Helping the next gen

It takes a team to build an apprentice from green to go. HOUSING talks to field officers and apprentice managers who explain what it takes to keep their journey a positive one.


Kerryn Ramsey

Field officers for HIA Apprentices have to be jacks of all trades. Apart from hiring and guiding apprentices, they work closely with host trainers, oversee training programs and standards, conduct counselling interviews and ensure disciplinary standards are met. And that’s just a glimpse of a field officer’s busy role.

‘While this position is challenging, it’s very rewarding,’ says Russell Holtham, General Manager Operations of HIA Apprentices, which helps young people get into the industry and qualify as a tradesperson. Here, HIA Apprentices explains its three key positions:

  • Apprentice manager: recruits and manages host trainers and apprentices, as well as achieving operational and performance targets
  • Field officers: recruits and oversees host trainers and apprentices, as well as conducting workplace performance assessments and other duties. Overall, the apprentice manager and field officer manages the apprentice’s apprenticeship on behalf of the host trainer
  • Host trainers: trains and supervises the apprentices on the job, teaching them the practical skills required in the given trade. These skills are in line with the apprentices training plan, which outlines the modules, the time it takes to complete them, and the specific skills to be assessed.

To sum it up, Russell explains: ‘A field officer enables a host trainer to focus on the business and, at the same time, they provide support and mentoring for apprentices in order to help them become the best tradesperson possible.’

Apprentice Manager Newcastle, Laurence Antcliff, (left) and Field Officer Katie Lee making a site visit



Meeting of the minds

One of the reasons why field officers and apprentice managers enjoy their job is the diversity of the work. To find out more, HOUSING speaks to two of HIA’s team members based in the Hunter, Laurence Antcliff and Katie Lee.

Growing up working in the retail and banking industry for many years, Laurence found his calling when he took on a position with HIA in 2013. ‘My father was a plumber and my uncle was a builder so it’s in my blood,’ says Laurence, who’s now Apprentice Manager Newcastle.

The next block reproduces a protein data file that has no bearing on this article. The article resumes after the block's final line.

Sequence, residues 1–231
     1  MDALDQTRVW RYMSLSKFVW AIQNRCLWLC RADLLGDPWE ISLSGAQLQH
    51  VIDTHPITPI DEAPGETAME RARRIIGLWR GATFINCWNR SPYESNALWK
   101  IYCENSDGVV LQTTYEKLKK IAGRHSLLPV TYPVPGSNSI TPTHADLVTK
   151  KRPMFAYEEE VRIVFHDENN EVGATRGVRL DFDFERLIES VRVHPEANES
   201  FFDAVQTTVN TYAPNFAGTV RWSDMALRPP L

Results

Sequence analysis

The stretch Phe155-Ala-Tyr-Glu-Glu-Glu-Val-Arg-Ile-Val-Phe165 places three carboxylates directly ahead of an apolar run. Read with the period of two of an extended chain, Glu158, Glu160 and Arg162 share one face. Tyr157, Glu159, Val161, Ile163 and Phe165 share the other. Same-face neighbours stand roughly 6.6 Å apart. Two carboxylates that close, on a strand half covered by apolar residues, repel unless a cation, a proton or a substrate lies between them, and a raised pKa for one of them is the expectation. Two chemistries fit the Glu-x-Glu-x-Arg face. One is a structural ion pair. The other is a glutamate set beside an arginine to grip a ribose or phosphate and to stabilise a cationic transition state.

Laurence gives apprentices more confidence and strength of character, which can be rare in this industry. This ranges from answering quick questions on the phone to spending face-to-face time to solve the most stressful, complex issues. ‘When a young apprentice is sweating and working hard onsite, they need resilience,’ he says.

Working closely with Laurence is Katie Lee, a field officer who looks after 55 to 60 apprentices, their host trainers and their supervisors. After working in the plumbing industry for nine years, she took on this position in 2018 and has never looked back. ‘It’s great helping the first-year apprentices put metaphorical tools in place to make them a better tradesperson and watch them excel and grow,’ she says.

Katie’s found that when an apprentice is handed back because a builder no longer has the capacity to continue supporting, she can quickly find another placement. ‘It’s important not to lose time on their training,’ she explains. ‘Solving these problems are really satisfying; apprentices always appreciate getting a job in a hurry.’

Helping host trainers

Engaging an apprentice through HIA’s Group Training Organisation (GTO) enables an employer to focus on their business. ‘HIA’s role is to manage the apprentice’s apprenticeship, allowing the businessperson to concentrate on running and managing their business,’ Russell says. ‘It makes employing an apprentice easy and we are their conduit to HIA.’

HIA handles the recruitment, administration, payroll, superannuation and record keeping of apprentices while managing their trade training. HIA also supports them with their work health and safety requirements. 

As a field officer, Katie works closely with host trainers to make sure apprentices are meeting all their requirements, which can range from completing an exam to dealing with a conflict. ‘We stay in contact with the host and take care of any situation in a prompt, efficient manner,’ she explains. ‘Sometimes it’s just being a sounding board where they can call a spade a spade. Having thick skin in the role is an understatement; that’s something I learned from my days in the plumbing industry!’